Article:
The New York Roots of Black Music Month
June is Black Music Month and has been, unofficially, since 1979, when Jimmy Carter threw a shindig at The Whitehouse and invited notable Black artists to perform. He said at the time,
“If we had had the Black Music Association organized 203 years ago, so that Benjamin Franklin and Thomas Jefferson and George Washington could have just heard some of this music at the very beginning, our country could’ve avoided a lot of trouble, a lot of heartache, and a lot of struggle, and a lot of suffering and a lot of division, and would be even greater than it is now.”
While President Carter created Black Music Month, the first official presidential proclamation recognizing June as Black Music Month was not signed until 2000 by President Bill Clinton. This signing came after Dyana Williams, a renowned journalist and community activist, successfully lobbied for Black Music Month to be recognized by the US government.
Williams is a Bronx Native and has had a legendary radio career on noteworthy stations in Washington DC, Philadelphia and her hometown of New York. Williams said in an interview with Bianca Gracie for Grammy.com that,
"We (She and then partner Kenny Gamble) went to the White House for the first Black Music Month event on June 7th 1979. We sat with President Jimmy Carter and his wife, Rosalynn. But years later, I was producing a celebration[ for] Black Music Month [in June]. I wrote to Bill Clinton: "Can you hold some similar events?" The White House said, "Well, we see that President Carter hosted the Black Music Association. We know that you were his guests." But he unintentionally did not write a presidential proclamation, which would've meant that every president following him would have done similarly."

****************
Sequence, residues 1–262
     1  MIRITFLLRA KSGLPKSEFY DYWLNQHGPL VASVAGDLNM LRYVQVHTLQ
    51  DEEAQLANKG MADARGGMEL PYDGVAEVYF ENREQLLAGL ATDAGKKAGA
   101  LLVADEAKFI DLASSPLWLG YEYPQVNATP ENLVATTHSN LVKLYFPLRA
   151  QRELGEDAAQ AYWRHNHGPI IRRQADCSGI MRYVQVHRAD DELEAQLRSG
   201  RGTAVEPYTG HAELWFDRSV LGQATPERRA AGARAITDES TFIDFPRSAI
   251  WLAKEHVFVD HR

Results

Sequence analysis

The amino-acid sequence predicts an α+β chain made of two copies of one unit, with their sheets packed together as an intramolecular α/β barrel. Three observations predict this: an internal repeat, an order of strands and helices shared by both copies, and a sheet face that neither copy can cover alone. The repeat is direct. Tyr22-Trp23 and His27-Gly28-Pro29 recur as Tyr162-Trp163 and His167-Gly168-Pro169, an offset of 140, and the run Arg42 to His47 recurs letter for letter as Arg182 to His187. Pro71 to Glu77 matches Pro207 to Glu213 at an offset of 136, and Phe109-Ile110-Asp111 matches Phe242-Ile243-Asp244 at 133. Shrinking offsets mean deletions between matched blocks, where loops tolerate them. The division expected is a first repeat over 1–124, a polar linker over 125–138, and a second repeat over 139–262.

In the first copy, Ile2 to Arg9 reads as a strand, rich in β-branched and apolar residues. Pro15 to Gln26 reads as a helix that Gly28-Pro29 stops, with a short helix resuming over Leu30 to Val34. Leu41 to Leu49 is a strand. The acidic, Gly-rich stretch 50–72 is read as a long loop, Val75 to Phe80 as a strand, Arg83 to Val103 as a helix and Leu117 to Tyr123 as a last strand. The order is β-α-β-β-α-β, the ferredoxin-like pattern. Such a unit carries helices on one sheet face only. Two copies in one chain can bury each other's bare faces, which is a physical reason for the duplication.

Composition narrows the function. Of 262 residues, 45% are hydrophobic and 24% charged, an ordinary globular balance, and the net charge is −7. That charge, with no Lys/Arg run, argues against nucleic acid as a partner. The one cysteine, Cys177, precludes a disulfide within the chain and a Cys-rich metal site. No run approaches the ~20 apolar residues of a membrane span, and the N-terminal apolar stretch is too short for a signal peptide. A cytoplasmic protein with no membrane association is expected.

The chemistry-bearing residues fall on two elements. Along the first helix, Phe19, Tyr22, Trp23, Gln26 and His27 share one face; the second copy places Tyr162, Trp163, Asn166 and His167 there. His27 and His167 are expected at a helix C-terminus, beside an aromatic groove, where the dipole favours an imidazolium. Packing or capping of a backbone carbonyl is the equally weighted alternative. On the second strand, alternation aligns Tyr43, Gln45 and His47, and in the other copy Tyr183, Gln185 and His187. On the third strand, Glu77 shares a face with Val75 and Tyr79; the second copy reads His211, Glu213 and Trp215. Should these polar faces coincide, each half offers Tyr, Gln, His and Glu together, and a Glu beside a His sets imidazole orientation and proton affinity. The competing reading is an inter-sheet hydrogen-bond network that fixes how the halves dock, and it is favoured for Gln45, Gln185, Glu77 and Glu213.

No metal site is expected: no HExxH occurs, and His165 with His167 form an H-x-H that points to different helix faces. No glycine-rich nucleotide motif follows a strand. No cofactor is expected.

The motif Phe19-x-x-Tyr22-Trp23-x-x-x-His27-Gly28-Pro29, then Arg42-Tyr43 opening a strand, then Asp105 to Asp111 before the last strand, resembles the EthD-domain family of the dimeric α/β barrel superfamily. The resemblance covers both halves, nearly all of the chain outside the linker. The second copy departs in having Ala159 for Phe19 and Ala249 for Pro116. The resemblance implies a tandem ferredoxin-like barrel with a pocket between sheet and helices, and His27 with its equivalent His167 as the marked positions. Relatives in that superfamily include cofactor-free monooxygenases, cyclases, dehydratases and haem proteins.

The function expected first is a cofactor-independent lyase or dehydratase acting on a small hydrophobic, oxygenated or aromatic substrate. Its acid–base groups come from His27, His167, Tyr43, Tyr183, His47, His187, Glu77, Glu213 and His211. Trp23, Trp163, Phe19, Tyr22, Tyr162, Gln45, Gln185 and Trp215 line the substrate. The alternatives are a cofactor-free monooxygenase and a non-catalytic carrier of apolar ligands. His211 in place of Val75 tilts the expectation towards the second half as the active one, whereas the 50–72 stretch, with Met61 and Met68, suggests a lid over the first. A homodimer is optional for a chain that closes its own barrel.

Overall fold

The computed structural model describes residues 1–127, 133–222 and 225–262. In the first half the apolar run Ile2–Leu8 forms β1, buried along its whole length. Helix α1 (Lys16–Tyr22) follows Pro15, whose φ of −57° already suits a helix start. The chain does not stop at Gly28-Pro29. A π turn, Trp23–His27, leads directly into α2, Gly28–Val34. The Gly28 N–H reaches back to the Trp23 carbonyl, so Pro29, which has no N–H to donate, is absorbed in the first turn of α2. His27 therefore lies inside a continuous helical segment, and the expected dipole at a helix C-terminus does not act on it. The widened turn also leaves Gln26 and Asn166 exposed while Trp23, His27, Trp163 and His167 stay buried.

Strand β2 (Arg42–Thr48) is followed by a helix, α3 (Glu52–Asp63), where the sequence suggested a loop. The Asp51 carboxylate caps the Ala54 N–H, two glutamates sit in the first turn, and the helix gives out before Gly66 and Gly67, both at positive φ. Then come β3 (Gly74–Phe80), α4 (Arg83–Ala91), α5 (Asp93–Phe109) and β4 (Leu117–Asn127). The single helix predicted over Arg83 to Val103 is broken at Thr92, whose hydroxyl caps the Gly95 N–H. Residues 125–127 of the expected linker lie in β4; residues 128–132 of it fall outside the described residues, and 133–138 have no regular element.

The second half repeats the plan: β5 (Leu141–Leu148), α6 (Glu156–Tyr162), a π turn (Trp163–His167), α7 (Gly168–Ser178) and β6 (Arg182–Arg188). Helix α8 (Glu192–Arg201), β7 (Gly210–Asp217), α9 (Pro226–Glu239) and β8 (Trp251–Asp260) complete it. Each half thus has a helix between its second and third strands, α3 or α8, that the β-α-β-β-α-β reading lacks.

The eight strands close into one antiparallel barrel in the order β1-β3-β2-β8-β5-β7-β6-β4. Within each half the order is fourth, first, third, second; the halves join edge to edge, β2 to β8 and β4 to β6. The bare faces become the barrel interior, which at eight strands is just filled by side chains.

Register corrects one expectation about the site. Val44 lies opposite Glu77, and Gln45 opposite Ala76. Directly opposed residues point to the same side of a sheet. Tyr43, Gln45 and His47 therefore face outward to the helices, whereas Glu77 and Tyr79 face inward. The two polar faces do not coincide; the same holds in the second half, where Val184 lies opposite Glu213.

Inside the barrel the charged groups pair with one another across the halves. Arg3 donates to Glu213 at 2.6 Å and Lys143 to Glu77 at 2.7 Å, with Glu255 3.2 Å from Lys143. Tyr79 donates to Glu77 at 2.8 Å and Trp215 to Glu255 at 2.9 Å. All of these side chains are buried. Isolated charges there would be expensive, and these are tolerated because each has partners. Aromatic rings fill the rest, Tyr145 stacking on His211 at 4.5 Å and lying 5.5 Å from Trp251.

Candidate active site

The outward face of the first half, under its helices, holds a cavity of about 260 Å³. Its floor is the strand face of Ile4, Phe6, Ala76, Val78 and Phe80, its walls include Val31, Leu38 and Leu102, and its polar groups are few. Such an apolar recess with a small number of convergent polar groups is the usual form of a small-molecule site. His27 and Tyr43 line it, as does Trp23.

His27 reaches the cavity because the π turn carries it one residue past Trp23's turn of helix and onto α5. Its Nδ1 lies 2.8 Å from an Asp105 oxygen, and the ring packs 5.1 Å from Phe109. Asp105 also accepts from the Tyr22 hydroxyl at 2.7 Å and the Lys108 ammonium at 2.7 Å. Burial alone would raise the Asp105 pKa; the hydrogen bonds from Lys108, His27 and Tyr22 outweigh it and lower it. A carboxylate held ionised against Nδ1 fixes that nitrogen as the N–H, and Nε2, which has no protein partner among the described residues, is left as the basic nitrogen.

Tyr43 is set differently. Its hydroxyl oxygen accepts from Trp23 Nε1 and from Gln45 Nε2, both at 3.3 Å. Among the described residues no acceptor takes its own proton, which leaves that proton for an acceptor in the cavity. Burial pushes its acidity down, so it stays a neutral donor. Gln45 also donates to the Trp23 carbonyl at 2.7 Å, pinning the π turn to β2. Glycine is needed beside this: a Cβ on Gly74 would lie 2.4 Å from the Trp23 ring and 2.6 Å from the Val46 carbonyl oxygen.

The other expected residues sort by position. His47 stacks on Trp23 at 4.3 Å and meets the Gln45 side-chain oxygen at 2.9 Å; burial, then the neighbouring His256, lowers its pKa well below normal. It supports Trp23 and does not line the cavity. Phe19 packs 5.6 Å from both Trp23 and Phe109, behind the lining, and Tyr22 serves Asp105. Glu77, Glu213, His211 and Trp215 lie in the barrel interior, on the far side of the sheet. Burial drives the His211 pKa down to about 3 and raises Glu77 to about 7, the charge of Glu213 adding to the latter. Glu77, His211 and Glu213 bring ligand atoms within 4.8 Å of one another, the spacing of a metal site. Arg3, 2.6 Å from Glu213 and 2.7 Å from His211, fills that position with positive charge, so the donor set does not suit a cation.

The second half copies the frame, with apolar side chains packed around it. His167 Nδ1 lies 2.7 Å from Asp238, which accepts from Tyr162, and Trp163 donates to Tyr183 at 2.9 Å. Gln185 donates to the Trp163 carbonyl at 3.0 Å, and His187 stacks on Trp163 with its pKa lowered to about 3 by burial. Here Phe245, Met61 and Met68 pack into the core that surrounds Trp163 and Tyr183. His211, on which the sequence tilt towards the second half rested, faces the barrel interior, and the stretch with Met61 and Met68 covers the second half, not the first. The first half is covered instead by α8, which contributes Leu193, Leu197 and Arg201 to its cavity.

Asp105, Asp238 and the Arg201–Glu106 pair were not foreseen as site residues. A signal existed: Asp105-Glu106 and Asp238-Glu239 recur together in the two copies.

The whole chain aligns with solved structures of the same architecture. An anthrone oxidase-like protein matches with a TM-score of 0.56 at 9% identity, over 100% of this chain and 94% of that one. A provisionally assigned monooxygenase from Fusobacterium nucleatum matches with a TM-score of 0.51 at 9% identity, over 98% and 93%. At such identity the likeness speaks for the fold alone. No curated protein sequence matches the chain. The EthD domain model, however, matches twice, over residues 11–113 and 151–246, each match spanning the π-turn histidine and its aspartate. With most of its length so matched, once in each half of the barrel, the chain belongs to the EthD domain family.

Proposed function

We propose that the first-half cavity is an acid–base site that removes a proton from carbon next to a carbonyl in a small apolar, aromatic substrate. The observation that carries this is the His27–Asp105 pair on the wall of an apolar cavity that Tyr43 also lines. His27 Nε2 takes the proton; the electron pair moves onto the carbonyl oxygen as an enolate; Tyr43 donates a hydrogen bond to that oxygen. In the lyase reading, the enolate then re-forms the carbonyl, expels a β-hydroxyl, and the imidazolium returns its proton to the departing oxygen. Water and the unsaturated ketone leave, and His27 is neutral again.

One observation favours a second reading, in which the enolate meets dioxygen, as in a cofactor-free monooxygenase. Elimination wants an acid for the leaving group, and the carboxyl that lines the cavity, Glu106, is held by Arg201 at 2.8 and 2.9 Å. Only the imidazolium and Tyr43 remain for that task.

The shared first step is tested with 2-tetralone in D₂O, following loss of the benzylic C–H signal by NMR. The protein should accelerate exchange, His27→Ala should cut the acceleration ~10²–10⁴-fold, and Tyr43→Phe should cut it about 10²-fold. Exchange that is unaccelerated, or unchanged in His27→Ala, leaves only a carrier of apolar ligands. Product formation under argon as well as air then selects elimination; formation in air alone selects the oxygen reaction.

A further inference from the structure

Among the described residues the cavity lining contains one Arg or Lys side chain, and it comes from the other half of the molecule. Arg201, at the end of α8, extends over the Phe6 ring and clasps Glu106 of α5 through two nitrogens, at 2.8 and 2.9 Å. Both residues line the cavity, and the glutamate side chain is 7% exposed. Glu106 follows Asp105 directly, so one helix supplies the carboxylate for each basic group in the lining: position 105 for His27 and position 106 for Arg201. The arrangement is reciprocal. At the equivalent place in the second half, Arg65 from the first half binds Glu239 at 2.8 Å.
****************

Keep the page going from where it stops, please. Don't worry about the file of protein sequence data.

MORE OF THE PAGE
Black Music Month was made official, official by Congress and the Clinton administration in 2000. Williams says,
To be recognized by Congress and the American people is right, but I had been petitioning for several years. I had even written an op-ed, in Billboard, about why it was significant for us to celebrate it. So yeah, several years of me knocking on congressmen and senators’ doors. I knew nothing about the process of lobbying. So I became a natural lobbyist, just passionate about the music and the cause. And at that point, it was significant for me to get the president to acknowledge us. Not just because of the cultural dynamics, but the economic value and potency of our music. We don't tend to think of it in those terms, but the reality is Black music is big business.